Paris talks will fail unless West walks the talk
The developed countries will have to -'walk the talk-' in Paris to make the climate change conference a success, according to the minister of state...
The developed countries will have to "walk the talk" in Paris to make the climate change conference a success, according to the minister of state for environment, forest and climate change Prakash Javadekar.
He said there were four distinct criteria which the United States and other western nations must show flexibility on otherwise in the words of French President Francois Hollande "Paris can fail".
The criteria for success of Paris talks called the Conference of Parties or CoP21, according to the minister are agreement on maintaining global temperature rise below two degrees celsius, mechanism to monitor the commitments made by all the countries on climate change, concrete steps to raise the $100 billion every year for the climate fund and transfer of technology from the developed countries to developing countries.
Over 190 countries are expected to work on a climate agreement with more than 50 heads of state or governments converging on Paris from November 30.
"Although some may criticise that Paris will yield a minimalist agreement, yet much had been achieved in the last year to make it possible to come to an agreement with climate justice," Javadekar told IANS in an interview at his residence on Tuesday.
Q. What would your criteria of success be at the Paris meet?
A. We expect an equitable and just climate agreement in Paris. Some will criticise that it's a minimalist agreement but what we want is that the world agrees to maintain the target of below two degrees temperature rise till 2100. All the countries will walk the talk on their Intended Nationally Determined Contributions to tackle climate change and some mechanism must be created to see how each country is managing its commitment. Thirdly, a concrete programme to raise $100 billion for the green fund, which is scalable and additional finance must be committed and fourthly, an agreement on technological support from the west to the developing countries must be arrived at.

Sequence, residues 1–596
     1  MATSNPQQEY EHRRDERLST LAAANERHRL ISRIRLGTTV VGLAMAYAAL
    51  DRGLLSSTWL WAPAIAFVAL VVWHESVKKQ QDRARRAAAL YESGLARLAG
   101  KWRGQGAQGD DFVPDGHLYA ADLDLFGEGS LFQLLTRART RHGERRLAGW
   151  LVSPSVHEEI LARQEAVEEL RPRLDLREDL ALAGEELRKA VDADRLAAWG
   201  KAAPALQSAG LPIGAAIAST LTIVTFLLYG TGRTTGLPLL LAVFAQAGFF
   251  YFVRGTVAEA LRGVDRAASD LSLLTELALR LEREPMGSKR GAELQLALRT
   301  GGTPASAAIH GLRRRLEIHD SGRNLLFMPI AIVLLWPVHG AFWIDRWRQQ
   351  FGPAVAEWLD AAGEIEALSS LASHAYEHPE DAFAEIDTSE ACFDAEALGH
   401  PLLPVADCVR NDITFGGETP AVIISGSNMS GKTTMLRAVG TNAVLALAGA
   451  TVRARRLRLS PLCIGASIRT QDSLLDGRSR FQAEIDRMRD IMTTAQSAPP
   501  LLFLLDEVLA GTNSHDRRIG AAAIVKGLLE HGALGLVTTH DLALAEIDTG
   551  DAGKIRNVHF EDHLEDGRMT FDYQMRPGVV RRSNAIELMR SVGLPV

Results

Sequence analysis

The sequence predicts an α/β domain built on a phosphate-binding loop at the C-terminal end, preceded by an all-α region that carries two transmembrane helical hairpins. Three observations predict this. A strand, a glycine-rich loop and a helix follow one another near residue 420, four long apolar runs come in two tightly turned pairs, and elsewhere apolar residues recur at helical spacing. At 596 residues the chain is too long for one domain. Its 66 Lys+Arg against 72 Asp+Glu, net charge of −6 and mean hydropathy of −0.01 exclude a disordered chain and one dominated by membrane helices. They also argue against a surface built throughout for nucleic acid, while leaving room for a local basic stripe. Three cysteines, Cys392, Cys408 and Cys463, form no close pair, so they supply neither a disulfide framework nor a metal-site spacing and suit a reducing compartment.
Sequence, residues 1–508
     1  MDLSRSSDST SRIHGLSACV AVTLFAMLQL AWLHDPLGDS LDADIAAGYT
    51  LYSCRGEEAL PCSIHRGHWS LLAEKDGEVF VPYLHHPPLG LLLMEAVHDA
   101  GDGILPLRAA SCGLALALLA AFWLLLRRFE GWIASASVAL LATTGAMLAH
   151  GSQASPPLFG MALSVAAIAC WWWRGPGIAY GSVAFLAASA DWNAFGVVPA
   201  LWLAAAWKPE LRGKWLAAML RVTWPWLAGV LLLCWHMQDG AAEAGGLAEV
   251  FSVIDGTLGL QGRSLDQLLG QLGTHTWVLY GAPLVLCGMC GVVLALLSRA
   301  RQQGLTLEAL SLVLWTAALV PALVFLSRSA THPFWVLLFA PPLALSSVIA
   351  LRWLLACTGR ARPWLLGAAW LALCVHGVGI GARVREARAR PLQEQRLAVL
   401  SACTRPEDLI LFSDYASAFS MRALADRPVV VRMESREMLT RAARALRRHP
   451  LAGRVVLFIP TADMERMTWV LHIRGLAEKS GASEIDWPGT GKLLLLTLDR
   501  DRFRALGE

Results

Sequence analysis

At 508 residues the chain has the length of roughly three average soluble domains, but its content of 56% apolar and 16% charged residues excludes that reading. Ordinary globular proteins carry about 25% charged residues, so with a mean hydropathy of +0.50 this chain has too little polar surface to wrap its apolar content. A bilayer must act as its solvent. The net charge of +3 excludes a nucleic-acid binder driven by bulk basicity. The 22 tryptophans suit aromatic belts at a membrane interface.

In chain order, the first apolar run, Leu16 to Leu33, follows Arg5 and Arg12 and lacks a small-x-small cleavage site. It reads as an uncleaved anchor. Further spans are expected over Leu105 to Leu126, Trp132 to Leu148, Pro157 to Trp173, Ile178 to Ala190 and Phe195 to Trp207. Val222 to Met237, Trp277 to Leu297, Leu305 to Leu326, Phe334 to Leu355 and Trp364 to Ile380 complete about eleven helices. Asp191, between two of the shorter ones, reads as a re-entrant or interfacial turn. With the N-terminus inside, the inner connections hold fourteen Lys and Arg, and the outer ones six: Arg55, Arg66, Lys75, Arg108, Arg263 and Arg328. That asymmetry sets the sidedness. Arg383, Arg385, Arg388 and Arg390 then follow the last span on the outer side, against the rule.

Q. The Green Fund was conceived of in Copenhagen in CoP15, five years ago, but very little money has come?
A. That's why many call it Floppenhagen. Although, the developed countries have committed to raise $100 billion in 2020 and the same amount every year after that, only about $10 billion have been committed so far. This is abysmal. There is also the attempt by some developed countries to include official development assistance as part of this fund. This is nothing but double accounting and has been rightly rejected by the developing nations.
Q. How will you convince the developed countries coming out of recession to make contributions?
A. They must accept their historical responsibility of polluting the earth in search of development. Also, they had already committed to this amount. It's not new. That is why the French President gave a warning to the western world that unless the west walks the talk on funding and technology transfer, there is no guarantee that Paris will succeed. It could even fail.
Q. Do you agree with what French President Hollande said?
A. He's a very good leader and what he says carries weight. I hope collective wisdom will prevail and an equitable climate agreement will emerge.
Q. On technological transfer, how do you expect those who develop the technologies to transfer them to the developing world without adequate compensation.